Travels with Ziva

Last night we had our “Nose Work” class, which is kind of an extra thing we thought we’d just try out to keep Ziva interacting with other dogs -and also because she has such an active mind as well as body, it seemed like a good “hobby” for her. She has turned out to be pretty good at it, considering we don’t practice as much as we should. But she really seems to enjoy it, so I think it is something we will continue with, at some level. It’s really very easy to practice: I have a collection of small cardboard boxes, and in a couple of them I put some hot dog (of course!). Then I bring Ziva in the room and say “Find!” and she races around the room from box to box looking for the ones with the hot dog. When she finds one, I can tell because she tries to open it. We’re not working at any specific way for her to indicate to me that this box is “the one.” That can come later if we choose to do this “officially.” For now, it’s just a fun game.  She enjoys it more than I ever thought she would. And it has the added benefit of exercising — and therefore wearing out — her brain.

I’ll share some pictures, and maybe a video if we can get our act together, in another post. In this post, I really wanted to talk about Driving with Miss Ziva. Traveling in the car has been a learning experience for all of us. The first few times we went anywhere, I think she was still in sort of a daze about where she was and who we were so she was relatively calm. But as we began going to more places and she seemed to understand that we were all together now, she started to get a little crazy in the backseat.

That is, when she wasn’t suddenly appearing in the front seat.

I’ve never had a dog that was so restless in the car. At first, we tried just putting her in the back seat, but it became clear immediately that she was not going to stay back there, no matter how you put your arm across the divide, or if you had one person driving and another holding her back. So next we tried the seatbelt attachment that clips onto the collar like a leash, which is what her foster mom had used. The first time I took her to our private lesson by myself, she spun herself around in circles so much that she had shortened the leash until there was only enough length for her to be lying on the seat with her head next to the seatbelt. Scary to me, and pretty darn uncomfortable — not to mention dangerous — for Ziva.  A few more spins and she would have been choking.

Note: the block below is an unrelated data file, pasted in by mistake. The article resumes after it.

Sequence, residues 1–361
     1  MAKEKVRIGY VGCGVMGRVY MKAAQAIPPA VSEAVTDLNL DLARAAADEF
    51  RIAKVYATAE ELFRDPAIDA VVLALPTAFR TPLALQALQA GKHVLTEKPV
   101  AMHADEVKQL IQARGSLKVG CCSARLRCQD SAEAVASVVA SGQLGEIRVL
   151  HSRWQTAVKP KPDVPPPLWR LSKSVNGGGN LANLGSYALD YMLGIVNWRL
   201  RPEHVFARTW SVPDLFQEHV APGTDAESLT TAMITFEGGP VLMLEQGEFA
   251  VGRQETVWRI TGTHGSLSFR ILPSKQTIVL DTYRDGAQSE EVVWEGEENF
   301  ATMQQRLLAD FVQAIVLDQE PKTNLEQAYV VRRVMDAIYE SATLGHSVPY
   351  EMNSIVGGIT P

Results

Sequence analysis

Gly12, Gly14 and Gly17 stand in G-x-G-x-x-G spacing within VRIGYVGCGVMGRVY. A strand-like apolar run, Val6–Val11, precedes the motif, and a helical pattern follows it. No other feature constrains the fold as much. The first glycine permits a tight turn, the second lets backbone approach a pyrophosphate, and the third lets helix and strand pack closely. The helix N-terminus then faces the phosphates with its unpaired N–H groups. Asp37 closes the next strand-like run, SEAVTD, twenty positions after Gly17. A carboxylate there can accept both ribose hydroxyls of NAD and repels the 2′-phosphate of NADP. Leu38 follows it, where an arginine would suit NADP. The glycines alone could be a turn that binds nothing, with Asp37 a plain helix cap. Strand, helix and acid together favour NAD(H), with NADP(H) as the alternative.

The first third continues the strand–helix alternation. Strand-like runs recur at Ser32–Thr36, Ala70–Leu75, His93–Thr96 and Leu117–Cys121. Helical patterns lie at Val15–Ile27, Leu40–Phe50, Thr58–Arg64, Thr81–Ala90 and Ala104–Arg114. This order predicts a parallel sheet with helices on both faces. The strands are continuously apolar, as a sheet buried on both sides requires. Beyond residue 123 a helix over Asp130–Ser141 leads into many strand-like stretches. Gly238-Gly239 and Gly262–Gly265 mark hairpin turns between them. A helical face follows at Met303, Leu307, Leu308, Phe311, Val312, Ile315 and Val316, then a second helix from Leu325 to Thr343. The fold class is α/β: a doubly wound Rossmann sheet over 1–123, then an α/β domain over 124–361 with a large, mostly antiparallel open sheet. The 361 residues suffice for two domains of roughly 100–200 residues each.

We had started working on teaching her how to “get easy,” so I began using this phrase with her on our drive to and from lessons. I lengthened the leash attachment and used the phrase and she seemed to be calming down. “Seemed to be” because I didn’t hear her. I didn’t hear her because she was busying chewing through the leash. She appeared in the passenger side front seat while we were stopped in traffic on I-895 one evening. Traffic began moving and I put my foot on the gas but we weren’t moving — Ziva had leaned on the gear shift and we were in Neutral.

We eventually got to class that night, and the trainer suggested we put vicks vapor rub on the leash to keep her from chewing it. That did indeed work for a while (and cleared my sinuses). But then she seemed to understand she could step n the seatbelt clip to undo it, as one does to release the seatbelt.

And on top of all this, she was still really worked up during these drives. One time she stood behind me and barked in my right ear for the entire 40 minutes.

Eventually, we tried a new tactic, which is what we do on all trips now and which seems to be working for us all: a crate. I got one of those plastic travel crates, which has ventilation holes but which limits how much she can see outside. We did a few really short drives to get her used to it, and she seems to be pretty happy in it for the most part. She does better if I’ve really exercised her before we go anywhere, and settles down. But she also knows when we are almost at our destination and starts whining and moving around as we get close. I drive a little Nissan Versa hatchback, so the crate sits on the backseat. I’ve strapped it down as best I can so it won’t go flying in case of an accident, but there is still little give when she is really moving around in it. She gets really excited when we’re almost home, and that’s when she really starts moving around int he crate. Last night we were about 5 minutes from home, sitting at a red light. And she’s back there, whining and spinning around, because she knows we’re in our neighborhood and almost home. And all I can think is that the people in the next car must think I’ve got a T-Rex back there, or some other Jurassic Park wannabe.

Safety experts will tell you that you should have your dog restrained in the car, and you really should, especially if you’re doing any highway driving. You wouldn’t let your kids sit without a seatbelt, why would you let your dog? The best setup is either a harness and seatbelt arrangement, or a crate. I’m happy the crate seems to be working for us, and I think she will continue to get more and more used to being in it during car rides.  (She loves her crate at home, and even puts herself to sleep in it at night. She sleeps in there all night, with the door wide open. She doesn’t come out until my alarm goes off, and then she jumps on the bed. No sleeping in around here!)

As with all things Ziva, we are both learning. Happy trails!

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